Tag Archives: Saint Luke

November 4: Praying to – or through – the Saints

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We Catholics say the words at every Mass: ‘Lord, I am not worthy that you should enter under my roof.’ We know the Centurion of the lakeside garrison at Capernaum addressed them to Jesus, and they are a timely reminder of our unworthiness and sinfulness. But when Father Anthony read the passage from Luke 7 recently, I heard a subplot that I found interesting.

A certain centurion’s servant, who was dear to him, was sick and ready to die. So when he heard about Jesus, he sent elders of the Jews to Him, pleading with Him to come and heal his servant.

The Centurion does not address Jesus directly, but trusts his Jewish friends to present his plea, which they do, earnestly. The Centurion sends a second group of friends with the message:

I am not worthy that You should enter under my roof. Therefore I did not even think myself worthy to come to You. But say the word, and my servant will be healed.

It is not clear that Jesus ever entered the Centurion’s house, or met him outside. But the intercession of the Centurion’s friends to Jesus was prayer enough. The servant was healed.

At All Saints’ tide I take three lessons I take from this story: firstly, to pray for others, as the Centurion’s friends do; secondly, to be open to praying to the saints, and thirdly, to put this text before any evangelical friends who shy away from doing so as ‘un-Biblical’.

You don’t have to pray to the saints ( although the standard prayer in the Litany is ‘Saint N., pray for us’) – but it may help!

MMB

 

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October 29: Shoulder to shoulder

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Natasha Devon MBE is a writer on mental health issues.

I rather liked this tip for teachers:

“Practise shoulder to  shoulder communication

“Some people find eye contact too intense. If there is someone who you suspect is struggling with their mental health, but who finds it difficult to open up, try asking them to help you with carrying text books or clearing out a cupboard. They may begin to confide in you when the pressure of eye contact is removed.” *

Of course, it need not be a mental health issue, just a problem or traumatic event that someone might need to resolve.

I am reminded of the two disciples on the road to Emmaus, walking shoulder to shoulder with the Answer to their problems and trauma. Their eyes were opened when he broke bread while sharing a meal with them. (Luke 24:13-35)

The meal table can be, should be, a place of peace where our eyes can be opened to each other. But physically walking alongside someone, even for a few steps, can be a moment of solidarity. Let’s be aware of opportunities as they come our way.

  • Report magazine, September 2018 p21.

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30 August: Gardeners’ Union

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I think most gardeners would line up with the one in Christ’s parable of the barren fig tree:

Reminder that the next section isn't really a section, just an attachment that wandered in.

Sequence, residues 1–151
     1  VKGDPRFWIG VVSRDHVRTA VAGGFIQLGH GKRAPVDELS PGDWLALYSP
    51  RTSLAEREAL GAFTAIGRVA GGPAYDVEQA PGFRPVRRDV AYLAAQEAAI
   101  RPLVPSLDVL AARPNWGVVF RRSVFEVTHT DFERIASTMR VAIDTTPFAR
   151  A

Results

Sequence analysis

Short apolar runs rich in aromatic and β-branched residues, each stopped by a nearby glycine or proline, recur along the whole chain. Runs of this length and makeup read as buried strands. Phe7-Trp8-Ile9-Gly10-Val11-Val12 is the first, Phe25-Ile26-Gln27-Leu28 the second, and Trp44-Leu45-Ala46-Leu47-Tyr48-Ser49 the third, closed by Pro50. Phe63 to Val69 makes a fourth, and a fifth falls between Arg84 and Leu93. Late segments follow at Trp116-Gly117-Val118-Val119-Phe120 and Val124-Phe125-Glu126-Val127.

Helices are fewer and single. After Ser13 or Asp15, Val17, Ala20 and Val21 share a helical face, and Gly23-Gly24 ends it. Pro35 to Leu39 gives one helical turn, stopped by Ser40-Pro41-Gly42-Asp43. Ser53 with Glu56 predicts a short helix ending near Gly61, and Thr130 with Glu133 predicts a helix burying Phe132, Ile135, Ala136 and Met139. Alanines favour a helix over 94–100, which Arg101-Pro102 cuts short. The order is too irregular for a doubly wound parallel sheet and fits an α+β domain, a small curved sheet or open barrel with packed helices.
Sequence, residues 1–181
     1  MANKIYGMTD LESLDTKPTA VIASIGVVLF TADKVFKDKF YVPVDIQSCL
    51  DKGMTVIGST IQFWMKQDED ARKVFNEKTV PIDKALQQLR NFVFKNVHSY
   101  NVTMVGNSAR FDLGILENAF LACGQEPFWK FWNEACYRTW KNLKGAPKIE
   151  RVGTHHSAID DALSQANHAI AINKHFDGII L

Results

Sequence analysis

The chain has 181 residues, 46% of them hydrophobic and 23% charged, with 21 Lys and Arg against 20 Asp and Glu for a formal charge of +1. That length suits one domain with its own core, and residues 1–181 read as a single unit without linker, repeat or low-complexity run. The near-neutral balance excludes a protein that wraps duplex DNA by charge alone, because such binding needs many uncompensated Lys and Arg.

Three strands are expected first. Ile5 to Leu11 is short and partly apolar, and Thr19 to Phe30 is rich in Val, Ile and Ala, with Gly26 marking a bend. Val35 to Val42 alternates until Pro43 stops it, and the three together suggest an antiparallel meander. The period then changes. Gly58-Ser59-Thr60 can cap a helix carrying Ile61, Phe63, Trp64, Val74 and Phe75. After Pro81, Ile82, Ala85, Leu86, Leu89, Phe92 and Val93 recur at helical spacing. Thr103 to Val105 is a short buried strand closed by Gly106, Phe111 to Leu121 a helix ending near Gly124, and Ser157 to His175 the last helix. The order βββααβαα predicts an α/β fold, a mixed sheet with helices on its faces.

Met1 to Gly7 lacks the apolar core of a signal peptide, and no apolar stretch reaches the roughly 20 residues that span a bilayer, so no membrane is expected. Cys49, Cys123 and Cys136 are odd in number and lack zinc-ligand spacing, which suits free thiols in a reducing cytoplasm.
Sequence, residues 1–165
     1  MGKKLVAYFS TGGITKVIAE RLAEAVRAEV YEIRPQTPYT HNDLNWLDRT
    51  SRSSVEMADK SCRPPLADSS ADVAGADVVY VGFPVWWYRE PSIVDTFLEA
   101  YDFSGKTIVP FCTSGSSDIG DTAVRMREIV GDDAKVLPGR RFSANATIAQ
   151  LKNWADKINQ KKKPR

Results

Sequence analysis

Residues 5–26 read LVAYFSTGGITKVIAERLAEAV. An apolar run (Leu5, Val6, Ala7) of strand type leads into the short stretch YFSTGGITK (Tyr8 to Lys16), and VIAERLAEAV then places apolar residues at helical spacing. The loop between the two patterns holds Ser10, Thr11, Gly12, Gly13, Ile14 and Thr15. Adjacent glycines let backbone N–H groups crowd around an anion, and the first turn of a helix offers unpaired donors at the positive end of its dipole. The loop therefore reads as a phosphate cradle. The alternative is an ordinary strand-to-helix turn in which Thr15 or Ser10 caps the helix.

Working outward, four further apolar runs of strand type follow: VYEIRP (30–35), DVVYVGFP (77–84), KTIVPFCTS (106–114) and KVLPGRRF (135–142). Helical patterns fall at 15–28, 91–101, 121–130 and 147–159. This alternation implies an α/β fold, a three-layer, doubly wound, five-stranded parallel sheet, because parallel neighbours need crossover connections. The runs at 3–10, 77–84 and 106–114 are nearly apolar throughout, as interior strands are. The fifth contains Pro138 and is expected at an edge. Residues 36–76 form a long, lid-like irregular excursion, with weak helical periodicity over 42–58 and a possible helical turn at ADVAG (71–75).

A certain man had a fig tree planted in his vineyard; and he came and sought fruit thereon, and found none. Then said he unto the dresser of his vineyard, Behold, these three years I come seeking fruit on this fig tree, and find none: cut it down; why cumbereth it the ground? And he answering said unto him, Lord, let it alone this year also, till I shall dig about it, and dung itAnd if it bear fruit, well: and if not, then after that thou shalt cut it down. 

Luke 13: 6-9

Four years ago that  I rescued this bench from being demolished by a willow tree falling across it.

Now, the bench would be sittable-on, were it not for the weeds, and the willow is doing its job as part of an informal hedge against the field behind and above it. A change of crop in the field beyond, and fewer rainstorms,  may both have contributed to its not being further undermined, but those vertical shoots are still vertical and almost thick enough to become fence posts if needed.

A good spot to curl up with a book, especially if you bring a scythe along with you!

And a job well done, if I say so myself.

But what happened to the fig tree, I wonder? I can’t help feeling that a few vigorous shoots would spring up from the base – as happened when I had to take out a fig some years back – and it would be inspired to fruit again. Maybe I could use some summer pruning before I enter my autumnal years?

WT

 

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4 August: One for the Road.

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I was just fidgeting to get comfortable in the crypt when she strode in, wearing stout trainers, bag on her back. A couple of coins chinked in the box, a candle was lit, and out she walked, on her way. A pilgrim, leaving her prayer behind?

A pilgrim was I too, even if I had walked little more than a mile to reach the cathedral.

Lead, kindly light, all pilgrims and travellers, especially during this holiday time. And may our hearts turn to you as you walk with us, unperceived.

MMB.

 

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June 18: So Who is my Neighbour?

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We know that Jesus and the Jewish religious leaders agreed that there were two great commandments, to Love God and to love your neighbour.

Jesus told a story to answer the question, Who is my neighbour? (Luke 10: 35ff) but he was, at root, giving the same answer as the Book of Deuteronomy, according to this article in Bible History Today by Richard Elliott Friedman: follow the link Love your neighbour .

Thoroughly worth reading!

Will.

 

 

 

 

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June 3: Corpus Christi – what a waste!

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Janet had been watching a documentary about life in the Himalayas. Amid the fierce natural beauties the programme visited a Buddhist monastery, where the monks ground rock crystals into powder which they dyed into bright colours. They used the sand to create religious symbols which would be displayed for a while, then swept away. Life is passing was the truth they held before themselves in this exercise.